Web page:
Web interface: Hand tracking is performed within a cross-platform browser interface written using JavaScript utilizing the ThreeJS (Doob, 2016) library for drawing interactive 3D content utilizing WebGL (Jackson & Gilbert, 2016), as well as the JavaScript client of the leap motion controller, LeapJS (Ehrlich, 2016). Using the LeapJS interface the leap motion device can be tracked and drawn within a ThreeJS 3D scene. In addition, we developed a simple file loader to load partially transparent 2D textures, height maps, or polygonal meshes (.obj files) (Bourke, 2016). Using this approach a user’s fingertip position in relation to 3D objects, textures, or terrain can be accurately tracked within 3D space. If a fingertip is in the same position as a digital object, the browser sends a message via the websocket protocol (Fette & Melnikov, 2011) to the locally running websocket server.

Websocket Server: NodeJS was used as the underlying interface for the websocket server. NodeJS (2016) has a websocket protocol module (Souza, 2016) critical to implementation of the project. The websocket server is started and the user automatically connects to the server directly from within the browser when the tracking site is loaded. As the positions of the hands are moved within space, the browser detects when fingertips are in the same position as a virtual object within the 3D scene. Subsequently, the client browser sends a value of 0 or 1 for each finger depending on whether the fingertips are touching a virtual object. As incoming messages are received, the websocket server forwards the messages to the software controlling the Arduino.

Arduino Activation: The final step in our pipeline is to provide user feedback in the form of vibration motors that are attached to an Arduino programming platform (What is Arduino?, 2017) running the firmata protocol. The firmata protocol is a standard script that can be uploaded to the Arduino, and provides a basic interface to many of Arduino’s capabilities on the connected host computer. We opted to use the Tool Command scripting language (TCL) (Tcl/Tk [8.6], 2016) to receive websocket messages from the server and activate the Arduino using tfirmata, a TCL implementation of Arduino Firmata 2.3. As messages are received by the TCL module from the NodeJS server, events are processed and the vibration motors are activated or deactivated as appropriate. In this scenario, as a user’s hands are tracked in the browser and a fingertip touches a virtual object, the websocket server is notified and passes the message to the TCL module that activates the appropriate vibration motor on the physical finger.

Results

The completed haptic platform performs with little perceivable lag and provides an interactive experience for touching virtual objects. The final hardware and software setup of the haptic platform are displayed in Figures 2 and 3 respectively.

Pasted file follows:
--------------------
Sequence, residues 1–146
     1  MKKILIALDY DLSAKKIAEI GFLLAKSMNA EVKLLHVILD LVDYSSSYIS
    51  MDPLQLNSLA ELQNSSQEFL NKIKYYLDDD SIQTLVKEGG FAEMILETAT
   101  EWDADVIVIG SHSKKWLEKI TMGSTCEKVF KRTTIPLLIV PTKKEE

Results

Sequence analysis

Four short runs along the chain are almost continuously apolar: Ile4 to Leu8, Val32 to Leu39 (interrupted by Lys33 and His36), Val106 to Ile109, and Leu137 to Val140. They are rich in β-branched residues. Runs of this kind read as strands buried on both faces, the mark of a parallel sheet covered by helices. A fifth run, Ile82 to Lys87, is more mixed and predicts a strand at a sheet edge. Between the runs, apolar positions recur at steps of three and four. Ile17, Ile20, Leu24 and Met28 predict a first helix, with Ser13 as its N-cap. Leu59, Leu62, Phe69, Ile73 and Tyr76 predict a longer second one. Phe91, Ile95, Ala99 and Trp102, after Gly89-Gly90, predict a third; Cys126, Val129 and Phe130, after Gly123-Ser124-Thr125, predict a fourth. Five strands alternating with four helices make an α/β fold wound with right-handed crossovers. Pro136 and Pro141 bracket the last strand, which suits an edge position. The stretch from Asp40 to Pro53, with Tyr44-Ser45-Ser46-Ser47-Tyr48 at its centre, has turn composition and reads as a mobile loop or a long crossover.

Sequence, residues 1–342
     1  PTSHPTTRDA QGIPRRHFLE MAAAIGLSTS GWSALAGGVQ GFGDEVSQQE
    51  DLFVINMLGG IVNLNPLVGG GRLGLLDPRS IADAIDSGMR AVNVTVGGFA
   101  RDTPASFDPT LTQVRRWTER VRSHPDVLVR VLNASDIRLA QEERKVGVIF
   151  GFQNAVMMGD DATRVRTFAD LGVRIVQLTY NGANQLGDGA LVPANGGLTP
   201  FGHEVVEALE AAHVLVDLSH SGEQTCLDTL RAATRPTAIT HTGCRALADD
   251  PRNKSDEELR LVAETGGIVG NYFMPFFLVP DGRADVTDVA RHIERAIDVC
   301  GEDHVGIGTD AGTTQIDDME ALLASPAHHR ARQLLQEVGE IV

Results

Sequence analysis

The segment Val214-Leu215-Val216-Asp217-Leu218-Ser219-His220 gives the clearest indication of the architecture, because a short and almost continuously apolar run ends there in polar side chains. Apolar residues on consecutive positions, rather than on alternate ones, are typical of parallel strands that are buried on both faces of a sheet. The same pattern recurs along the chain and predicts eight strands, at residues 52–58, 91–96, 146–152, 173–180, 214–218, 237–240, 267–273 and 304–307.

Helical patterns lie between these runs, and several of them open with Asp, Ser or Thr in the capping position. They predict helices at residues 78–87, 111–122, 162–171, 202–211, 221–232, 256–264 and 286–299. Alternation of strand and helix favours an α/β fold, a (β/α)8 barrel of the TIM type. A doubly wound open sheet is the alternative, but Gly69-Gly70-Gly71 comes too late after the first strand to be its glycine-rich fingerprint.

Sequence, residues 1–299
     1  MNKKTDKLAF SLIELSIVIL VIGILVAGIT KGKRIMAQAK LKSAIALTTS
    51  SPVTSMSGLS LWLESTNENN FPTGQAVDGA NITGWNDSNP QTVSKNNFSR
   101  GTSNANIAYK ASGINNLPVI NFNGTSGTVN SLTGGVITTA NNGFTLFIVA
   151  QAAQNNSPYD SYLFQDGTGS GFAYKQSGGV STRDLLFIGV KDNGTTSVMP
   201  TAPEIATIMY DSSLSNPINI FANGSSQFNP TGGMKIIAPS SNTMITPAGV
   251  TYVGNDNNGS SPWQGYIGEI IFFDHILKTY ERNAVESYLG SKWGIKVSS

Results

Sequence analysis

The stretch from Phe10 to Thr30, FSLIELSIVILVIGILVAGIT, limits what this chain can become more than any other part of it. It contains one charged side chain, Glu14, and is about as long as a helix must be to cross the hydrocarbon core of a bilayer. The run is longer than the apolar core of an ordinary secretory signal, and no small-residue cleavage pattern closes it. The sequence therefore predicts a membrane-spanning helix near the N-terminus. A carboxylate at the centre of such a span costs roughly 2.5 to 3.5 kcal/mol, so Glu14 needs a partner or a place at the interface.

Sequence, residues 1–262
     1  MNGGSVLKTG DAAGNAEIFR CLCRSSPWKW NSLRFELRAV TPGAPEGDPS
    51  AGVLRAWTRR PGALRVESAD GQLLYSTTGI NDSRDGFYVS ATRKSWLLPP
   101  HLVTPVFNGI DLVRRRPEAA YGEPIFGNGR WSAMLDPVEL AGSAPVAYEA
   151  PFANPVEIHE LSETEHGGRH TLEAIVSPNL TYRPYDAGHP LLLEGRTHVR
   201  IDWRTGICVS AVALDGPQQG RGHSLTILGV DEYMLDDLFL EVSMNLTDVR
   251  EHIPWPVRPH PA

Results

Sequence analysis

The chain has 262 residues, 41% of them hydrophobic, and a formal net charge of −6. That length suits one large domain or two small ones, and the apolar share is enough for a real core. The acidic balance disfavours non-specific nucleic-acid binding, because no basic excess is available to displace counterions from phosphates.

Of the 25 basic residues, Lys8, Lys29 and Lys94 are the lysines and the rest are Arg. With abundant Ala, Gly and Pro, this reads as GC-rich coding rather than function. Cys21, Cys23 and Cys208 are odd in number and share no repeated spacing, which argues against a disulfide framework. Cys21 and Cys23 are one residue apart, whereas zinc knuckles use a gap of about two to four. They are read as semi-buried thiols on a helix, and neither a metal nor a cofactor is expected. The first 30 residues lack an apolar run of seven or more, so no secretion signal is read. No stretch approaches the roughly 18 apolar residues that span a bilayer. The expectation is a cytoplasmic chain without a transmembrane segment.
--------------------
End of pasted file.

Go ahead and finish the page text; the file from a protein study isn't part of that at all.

Figure 2. The final hardware configuration of the haptic display consists of (A) Leap motion tracking device surrounded by a plastic frame holding a horizontal plastic screen approximately 24 inches by 24 inches, and (B) vibration motors situated on the user’s second and middle fingers and attached to an Arduino board via long electrical wires. To utilize the haptics display (C), the user places fingertips on the horizontal acrylic glass screen to trace virtual objects appearing on top of the screen.

Figure 2 contains three images of the working system. The first image displays a plastic frame with an acrylic sheet placed on top and a leap motion tracking device on the table within the middle of the frame below. The second and third images are of a hand with vibration motors attached to the first and second fingers placed on top of the acrylic sheet displaying the system in use.

Figure 3. Software components of the haptic system consist of (A) browser-based visualization of tracked hands and any objects in the 3D scene, (B) a websocket server that receives incoming messages regarding finger position from the frontend browser component, and (C) TCL program that receives websocket events and provides visual feedback about finger status and activates the Arduino controlled vibration motors.

Figure 3 displays three images of the software in use. The top image is a digital representation of two hands tracked in space. The fingers are represented as cylinders and fingertips as spheres. The second image is a command prompt readout of messages being passed within the software elements. The final image contains 10 numbered boxes representing each finger in the tracked hand, the boxes turn red when a finger is touching a virtual object and vibration motor triggered.